The Standard Student Loan Repayment Plan is a 10 year repayment plan that fixes your payments at a monthly rate (never less than $50) for you to pay off your loans within 10 years. I call this the “mortgage” repayment plan. It’s just like making payments on a house. You make a fixed payment over time, and eventually you pay off the balance of your loan.

Figuring out how to navigate your student loan debt is like trying to figure out what to eat for lunch when you’re already hangry. (anger induced by hunger).

There are so many different options, that it leaves you (or at least, me) feeling like sticking my head under a rug and sobbing. (I get dramatic when I’m hungry). And to make matters worse, each student loan option is needlessly complicated. Its like trying to order a basic meal (a #1– a plain hamburger with fries and a Diet Coke) and then having your waiter assault you with sundry of questions. Well do you want special sauce with that? Do you want onions? What about grilled onions? Lettuce? Tomato? What about trying something crazy on it, like pineapple? Jalapeno? And before you know it, you’ve collapsed on the ground, too hungry to make any decisions. In each of the federal student loan forgiveness options, you have to follow the rules with precision in order to have your loans forgiven. So, first, you have to know what those rules are before you can make a decision. But the rules can be hard to understand. And your hungry. And understanding things when your hungry is hard. So, in our student loans simplified series, we are breaking down each of the federal student loan repayment options in bite sized pieces to help you understand and make the best decision for you.

Who’s hungry?

the standard student loan repayment plan


Here is everything that you need to know about the Standard Repayment Plan to determine if its right for you.

The Standard Repayment Plan is the default option for your student loans. 

That means that if you don’t select another plan, when your loans are due, your loan servicer will automatically place you under the Standard Repayment Plan. You will want to explore and understand your options when it comes to student loan repayment, so be sure to check out the other repayment plans at the bottom of this post.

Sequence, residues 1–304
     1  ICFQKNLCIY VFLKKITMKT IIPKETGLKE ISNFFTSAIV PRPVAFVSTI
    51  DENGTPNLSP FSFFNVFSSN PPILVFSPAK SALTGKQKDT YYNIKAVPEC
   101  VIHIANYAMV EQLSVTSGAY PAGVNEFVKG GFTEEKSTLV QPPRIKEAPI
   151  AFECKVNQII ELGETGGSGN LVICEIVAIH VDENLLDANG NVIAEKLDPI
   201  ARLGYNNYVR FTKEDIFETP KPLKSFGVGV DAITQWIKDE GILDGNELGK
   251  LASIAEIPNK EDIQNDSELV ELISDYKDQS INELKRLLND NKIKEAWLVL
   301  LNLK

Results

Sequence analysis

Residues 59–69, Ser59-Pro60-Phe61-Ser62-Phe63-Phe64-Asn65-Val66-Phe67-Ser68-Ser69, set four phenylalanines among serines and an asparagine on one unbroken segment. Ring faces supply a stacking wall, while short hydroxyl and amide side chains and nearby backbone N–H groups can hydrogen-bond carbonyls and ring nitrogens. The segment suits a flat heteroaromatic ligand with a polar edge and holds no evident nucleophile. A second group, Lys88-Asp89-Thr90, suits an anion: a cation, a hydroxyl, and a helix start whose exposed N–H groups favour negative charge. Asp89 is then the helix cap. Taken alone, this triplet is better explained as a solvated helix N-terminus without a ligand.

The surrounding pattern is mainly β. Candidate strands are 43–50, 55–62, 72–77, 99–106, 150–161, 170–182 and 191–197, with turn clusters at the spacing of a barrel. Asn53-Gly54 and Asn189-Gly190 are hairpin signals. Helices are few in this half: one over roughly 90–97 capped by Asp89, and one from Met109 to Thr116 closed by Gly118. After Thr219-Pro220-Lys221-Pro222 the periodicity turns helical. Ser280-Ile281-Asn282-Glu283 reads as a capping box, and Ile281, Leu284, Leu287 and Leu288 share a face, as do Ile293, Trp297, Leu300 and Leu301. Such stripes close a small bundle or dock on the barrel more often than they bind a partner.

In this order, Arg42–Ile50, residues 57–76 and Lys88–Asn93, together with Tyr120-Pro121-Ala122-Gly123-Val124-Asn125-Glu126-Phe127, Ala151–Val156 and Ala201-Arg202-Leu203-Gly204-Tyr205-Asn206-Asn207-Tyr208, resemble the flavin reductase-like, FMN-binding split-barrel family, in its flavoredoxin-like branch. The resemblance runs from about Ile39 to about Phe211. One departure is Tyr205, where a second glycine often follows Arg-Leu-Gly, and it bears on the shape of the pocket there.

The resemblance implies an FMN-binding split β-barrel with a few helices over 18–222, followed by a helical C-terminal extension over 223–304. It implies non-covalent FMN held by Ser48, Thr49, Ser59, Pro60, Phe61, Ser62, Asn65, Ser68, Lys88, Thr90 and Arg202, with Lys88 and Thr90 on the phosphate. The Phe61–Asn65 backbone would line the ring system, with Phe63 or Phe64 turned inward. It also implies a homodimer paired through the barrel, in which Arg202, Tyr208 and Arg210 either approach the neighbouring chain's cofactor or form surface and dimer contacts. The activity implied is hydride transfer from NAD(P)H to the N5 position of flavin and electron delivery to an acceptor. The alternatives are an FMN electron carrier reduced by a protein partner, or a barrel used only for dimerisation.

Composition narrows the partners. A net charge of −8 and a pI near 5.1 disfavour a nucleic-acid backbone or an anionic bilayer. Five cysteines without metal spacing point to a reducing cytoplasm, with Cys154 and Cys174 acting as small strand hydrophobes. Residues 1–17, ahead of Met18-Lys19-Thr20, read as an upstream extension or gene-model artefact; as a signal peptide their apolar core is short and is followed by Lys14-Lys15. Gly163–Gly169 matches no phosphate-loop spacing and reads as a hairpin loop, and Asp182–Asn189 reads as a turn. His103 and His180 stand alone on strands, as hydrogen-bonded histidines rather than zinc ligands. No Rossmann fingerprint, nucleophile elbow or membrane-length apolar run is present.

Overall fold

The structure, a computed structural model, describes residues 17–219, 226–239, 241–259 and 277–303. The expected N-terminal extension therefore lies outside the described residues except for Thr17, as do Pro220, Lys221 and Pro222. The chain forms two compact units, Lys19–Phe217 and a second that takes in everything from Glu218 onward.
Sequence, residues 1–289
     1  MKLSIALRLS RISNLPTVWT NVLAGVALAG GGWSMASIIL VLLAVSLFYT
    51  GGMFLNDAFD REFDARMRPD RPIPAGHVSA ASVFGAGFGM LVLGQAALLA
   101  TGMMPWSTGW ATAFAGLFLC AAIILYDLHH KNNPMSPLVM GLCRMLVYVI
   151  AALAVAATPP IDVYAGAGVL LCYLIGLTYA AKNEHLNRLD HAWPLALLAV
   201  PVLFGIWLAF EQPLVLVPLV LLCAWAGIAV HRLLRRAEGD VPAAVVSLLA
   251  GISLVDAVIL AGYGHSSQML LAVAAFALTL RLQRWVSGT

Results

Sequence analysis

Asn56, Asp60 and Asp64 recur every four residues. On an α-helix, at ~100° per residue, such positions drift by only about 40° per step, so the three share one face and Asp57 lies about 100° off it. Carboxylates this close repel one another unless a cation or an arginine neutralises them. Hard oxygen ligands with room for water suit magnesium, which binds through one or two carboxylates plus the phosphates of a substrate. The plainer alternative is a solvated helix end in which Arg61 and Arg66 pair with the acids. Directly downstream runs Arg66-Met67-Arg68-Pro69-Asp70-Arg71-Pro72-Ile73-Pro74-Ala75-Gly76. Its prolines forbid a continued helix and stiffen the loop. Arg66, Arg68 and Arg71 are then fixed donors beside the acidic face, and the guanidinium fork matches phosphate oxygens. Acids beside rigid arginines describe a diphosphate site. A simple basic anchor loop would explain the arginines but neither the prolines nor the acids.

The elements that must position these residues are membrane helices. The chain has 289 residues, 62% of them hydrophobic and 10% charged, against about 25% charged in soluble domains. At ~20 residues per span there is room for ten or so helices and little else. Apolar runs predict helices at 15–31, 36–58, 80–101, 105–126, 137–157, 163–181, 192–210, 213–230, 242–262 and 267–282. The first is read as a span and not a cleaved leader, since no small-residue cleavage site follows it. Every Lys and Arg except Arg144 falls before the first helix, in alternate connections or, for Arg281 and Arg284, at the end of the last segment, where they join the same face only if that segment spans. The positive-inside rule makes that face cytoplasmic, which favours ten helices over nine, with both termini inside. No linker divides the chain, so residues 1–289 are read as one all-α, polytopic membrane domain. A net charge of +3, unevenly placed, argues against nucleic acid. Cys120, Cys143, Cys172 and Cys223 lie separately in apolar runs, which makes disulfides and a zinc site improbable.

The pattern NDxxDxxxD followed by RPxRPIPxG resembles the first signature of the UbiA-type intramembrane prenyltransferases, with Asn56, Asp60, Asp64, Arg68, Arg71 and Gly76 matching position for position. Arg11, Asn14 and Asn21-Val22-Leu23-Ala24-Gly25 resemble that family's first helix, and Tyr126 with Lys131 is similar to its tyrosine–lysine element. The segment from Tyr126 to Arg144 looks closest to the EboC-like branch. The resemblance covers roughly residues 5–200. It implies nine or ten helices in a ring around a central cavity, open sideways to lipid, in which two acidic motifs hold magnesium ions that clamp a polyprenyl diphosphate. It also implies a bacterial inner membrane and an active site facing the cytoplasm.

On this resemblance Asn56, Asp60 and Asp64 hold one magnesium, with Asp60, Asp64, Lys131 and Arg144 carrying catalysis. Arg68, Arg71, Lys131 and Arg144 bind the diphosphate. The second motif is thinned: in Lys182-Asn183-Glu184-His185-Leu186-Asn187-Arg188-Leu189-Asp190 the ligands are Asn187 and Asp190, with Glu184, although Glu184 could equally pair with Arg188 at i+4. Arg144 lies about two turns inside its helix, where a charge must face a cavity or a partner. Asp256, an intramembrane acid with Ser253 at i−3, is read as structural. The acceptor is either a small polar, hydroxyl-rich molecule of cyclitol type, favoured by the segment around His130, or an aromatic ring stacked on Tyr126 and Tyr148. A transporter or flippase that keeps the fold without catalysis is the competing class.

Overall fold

The following loans qualify for the Standard Repayment Plan: 

  • Direct Subsidized Loans
  • Direct Unsubsidized Loans
  • Direct PLUS Loans
  • Direct Consolidation Loans
  • Subsidized Federal Stafford Loans
  • Unsubsidized Federal Stafford Loans
  • FFEL PLUS Loans (Note that no new loans have been made under the FFEL Program since July 1, 2010, so if you didn’t take out loans before 2010 this won’t apply to you.)
  • FFEL Consolidation Loans

Under the Standard Repayment Plan, consolidation loans can be paid off over 30 years instead of the standard 10 years. 

Unlike other student loans that will be paid off within 10 years on the Standard Repayment Plan, consolidation loans can be paid off over 30 years. But keep in mind, the longer you take to pay off your student loan debt, the more interest accrues and the more expensive your student loans become.

The Standard Student Loan Repayment Plan is the fastest and cheapest federal repayment plan option. 

The Standard Repayment Plan is by far the fastest and cheapest repayment option. BUT if you want to make your student loans EVEN CHEAPER, you can refinance with a private lender for a better interest rate. Keep in mind that if you do refinance your student loans, you lose some protections such as falling back on one of the student loan forgiveness plans if you have hard times. But, many of the private lenders offer some protections, such as deferment in the event that you lose your job or otherwise come across hard times.

You don’t have to stick to the Standard Repayment Plan forever. 

One of the scariest things to me about choosing a student loan repayment plan, was feeling like I was going to be stuck in that repayment plan forever. #commitmentissues. It felt like saying yes to a romantic relationship that I only felt luke warm about. But just like you don’t have to marry that guy you’re dating but not that into, you don’t have to marry your student loan repayment plan– you can always change your mind later if it is not working for you. You might decide after a year on the Standard Repayment Plan that you are comfortable refinancing to a 5 or 10 year private loan to enjoy a lower interest rate (and probably a lower monthly payment). Or you might be struggling to make payments and choose to sign up for an income-driven repayment plan. Don’t be afraid to change your mind if something else makes better sense/cents for you.

You can use this repayment estimator from the U.S. Department of Education to see which repayment plans you are eligible for and how much they will cost you.

Who should use Income Sensitive Repayment: Borrowers who are want to save money on their student loans and who feel comfortable that they can make their minimum payments on this 10 year plan each month.

Overall, the Standard Repayment Plan is a solid repayment plan for people who can afford their monthly payments and want to minimize paying more interest on their loans.

Are you signed up for the Standard Repayment Plan? What do you like or dislike about it?

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